There are some perennials that tolerate clay soil, especially for sunny beds. The reason: The high level of solar radiation ensures that the soil does not become too damp.
These perennials include, for example, the high flame flower (Phlox paniculata), which, depending on the variety, blooms in all imaginable shades of white, pink, purple and red between July and September.
It prefers a loamy, nutrient-rich soil, but is somewhat sensitive to waterlogging.
The popular summer bloomers sun bride (Helenium) and sun eye (Heliopsis helianthoides) also get along well with loamy soil.
How to improve your garden soil
Very few gardens are endowed with good soil. With sand, compost, and other additives, a successful soil improvement is possible even in seemingly hopeless cases.
These two herbaceous genera have some things in common.
Not only do they belong to the same family (composites), they both bloom exclusively in warm colors. While the flowers of the sun eye are exclusively yellow and, depending on the variety, sometimes unfilled, sometimes filled, the color spectrum for the sun bride ranges from yellow to orange to red.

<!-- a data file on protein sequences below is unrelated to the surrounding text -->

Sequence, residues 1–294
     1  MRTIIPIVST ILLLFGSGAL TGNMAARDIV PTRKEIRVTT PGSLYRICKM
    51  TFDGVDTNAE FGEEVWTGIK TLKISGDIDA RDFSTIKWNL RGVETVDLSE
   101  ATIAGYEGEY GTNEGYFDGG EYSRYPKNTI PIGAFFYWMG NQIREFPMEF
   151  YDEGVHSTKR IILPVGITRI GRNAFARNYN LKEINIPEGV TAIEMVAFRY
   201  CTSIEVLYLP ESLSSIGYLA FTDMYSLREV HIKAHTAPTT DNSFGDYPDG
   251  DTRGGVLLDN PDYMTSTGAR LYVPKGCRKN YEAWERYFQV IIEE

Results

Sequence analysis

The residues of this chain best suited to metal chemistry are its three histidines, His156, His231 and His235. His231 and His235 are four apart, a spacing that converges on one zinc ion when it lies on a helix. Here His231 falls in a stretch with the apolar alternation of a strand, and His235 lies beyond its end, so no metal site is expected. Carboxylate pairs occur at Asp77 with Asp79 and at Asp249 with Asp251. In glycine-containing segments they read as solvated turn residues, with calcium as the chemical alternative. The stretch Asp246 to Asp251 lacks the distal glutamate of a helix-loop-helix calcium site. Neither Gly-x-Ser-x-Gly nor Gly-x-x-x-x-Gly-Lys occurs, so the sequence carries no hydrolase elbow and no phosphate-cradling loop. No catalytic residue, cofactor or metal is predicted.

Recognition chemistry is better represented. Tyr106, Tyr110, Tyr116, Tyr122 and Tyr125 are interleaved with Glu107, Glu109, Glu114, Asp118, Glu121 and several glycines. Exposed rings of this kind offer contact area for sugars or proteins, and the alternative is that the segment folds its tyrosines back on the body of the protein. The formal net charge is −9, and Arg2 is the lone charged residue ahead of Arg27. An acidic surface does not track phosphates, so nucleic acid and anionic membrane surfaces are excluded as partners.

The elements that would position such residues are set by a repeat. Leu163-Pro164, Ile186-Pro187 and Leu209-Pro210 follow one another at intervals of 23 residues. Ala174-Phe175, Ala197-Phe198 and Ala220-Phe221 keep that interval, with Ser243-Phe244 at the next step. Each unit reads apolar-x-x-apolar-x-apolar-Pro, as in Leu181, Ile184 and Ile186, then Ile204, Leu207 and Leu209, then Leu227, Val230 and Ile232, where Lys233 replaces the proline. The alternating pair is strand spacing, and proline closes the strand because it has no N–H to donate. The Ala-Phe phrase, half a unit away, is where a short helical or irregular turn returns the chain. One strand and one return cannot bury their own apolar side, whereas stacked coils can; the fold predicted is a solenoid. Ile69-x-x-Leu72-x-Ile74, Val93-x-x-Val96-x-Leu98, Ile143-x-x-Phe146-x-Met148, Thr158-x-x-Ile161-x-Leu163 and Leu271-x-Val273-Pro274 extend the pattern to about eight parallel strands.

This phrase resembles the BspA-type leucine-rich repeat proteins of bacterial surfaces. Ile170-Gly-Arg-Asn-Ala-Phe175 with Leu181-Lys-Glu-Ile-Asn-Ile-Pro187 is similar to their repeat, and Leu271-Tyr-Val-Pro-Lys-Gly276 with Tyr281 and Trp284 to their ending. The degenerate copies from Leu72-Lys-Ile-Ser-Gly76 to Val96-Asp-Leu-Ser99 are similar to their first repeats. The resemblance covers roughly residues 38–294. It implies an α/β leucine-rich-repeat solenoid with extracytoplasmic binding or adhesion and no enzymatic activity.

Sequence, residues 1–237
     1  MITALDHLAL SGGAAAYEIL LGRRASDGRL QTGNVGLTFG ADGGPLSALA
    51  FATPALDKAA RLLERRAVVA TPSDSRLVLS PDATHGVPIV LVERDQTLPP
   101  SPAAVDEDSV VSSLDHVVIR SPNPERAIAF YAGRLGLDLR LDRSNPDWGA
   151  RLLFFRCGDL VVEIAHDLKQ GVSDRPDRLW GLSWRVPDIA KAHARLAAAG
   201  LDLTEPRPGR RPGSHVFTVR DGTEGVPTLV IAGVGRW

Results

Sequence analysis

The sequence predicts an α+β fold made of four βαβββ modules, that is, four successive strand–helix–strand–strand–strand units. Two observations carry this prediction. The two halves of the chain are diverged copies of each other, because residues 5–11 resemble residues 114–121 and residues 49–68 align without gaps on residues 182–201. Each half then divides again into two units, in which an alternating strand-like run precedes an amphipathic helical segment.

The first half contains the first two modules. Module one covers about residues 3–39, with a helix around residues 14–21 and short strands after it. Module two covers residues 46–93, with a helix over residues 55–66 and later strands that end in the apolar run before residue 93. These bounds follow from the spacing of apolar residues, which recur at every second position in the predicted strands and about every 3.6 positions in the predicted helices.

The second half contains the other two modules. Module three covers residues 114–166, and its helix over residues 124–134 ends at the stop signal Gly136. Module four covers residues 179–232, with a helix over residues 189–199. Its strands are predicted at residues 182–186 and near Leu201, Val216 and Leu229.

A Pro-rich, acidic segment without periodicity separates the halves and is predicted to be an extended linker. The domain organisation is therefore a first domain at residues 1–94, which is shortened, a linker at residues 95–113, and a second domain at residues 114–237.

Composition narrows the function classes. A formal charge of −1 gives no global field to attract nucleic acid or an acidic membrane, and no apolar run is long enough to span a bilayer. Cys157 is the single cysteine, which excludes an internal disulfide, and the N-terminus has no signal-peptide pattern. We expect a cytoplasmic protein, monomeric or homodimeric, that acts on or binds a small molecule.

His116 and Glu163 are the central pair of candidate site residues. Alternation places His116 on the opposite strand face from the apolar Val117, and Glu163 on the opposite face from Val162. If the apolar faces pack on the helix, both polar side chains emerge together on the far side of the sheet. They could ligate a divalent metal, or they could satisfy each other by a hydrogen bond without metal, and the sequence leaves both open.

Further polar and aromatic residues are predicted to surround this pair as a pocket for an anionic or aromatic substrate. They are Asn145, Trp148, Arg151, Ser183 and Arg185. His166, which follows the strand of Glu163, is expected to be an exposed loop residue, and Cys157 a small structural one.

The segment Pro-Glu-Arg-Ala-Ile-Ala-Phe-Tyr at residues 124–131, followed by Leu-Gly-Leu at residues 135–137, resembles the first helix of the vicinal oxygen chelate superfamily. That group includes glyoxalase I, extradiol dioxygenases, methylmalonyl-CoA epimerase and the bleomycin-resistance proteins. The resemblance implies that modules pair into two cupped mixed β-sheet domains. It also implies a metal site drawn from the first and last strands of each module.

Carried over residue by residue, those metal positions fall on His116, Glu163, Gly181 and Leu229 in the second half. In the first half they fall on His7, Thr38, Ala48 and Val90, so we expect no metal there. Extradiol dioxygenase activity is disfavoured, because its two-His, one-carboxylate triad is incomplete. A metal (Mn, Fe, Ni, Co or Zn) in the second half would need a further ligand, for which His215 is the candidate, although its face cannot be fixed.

Some varieties, for example, the hybrids ‘Biedermeier’ and ‘Flammenrad’, also have flowers with color gradients from yellow to orange or red. Both genera bloom between July and September.
With the sun bride variety ‘Flammender’ you can light up every bed
From August onwards, the pink or purple flowers of the Reinblatt aster (Aster novae angliae) contrast nicely with the bright colors of the sun bride and sun eye.
It also prefers a loamy, humus-rich, nutrient-rich soil. Because of their height of up to 160 centimeters, Rotblatt asters are particularly suitable for back bed areas. Varieties that remain small, such as ‘Purple Dome’, come into their own further up in the bed.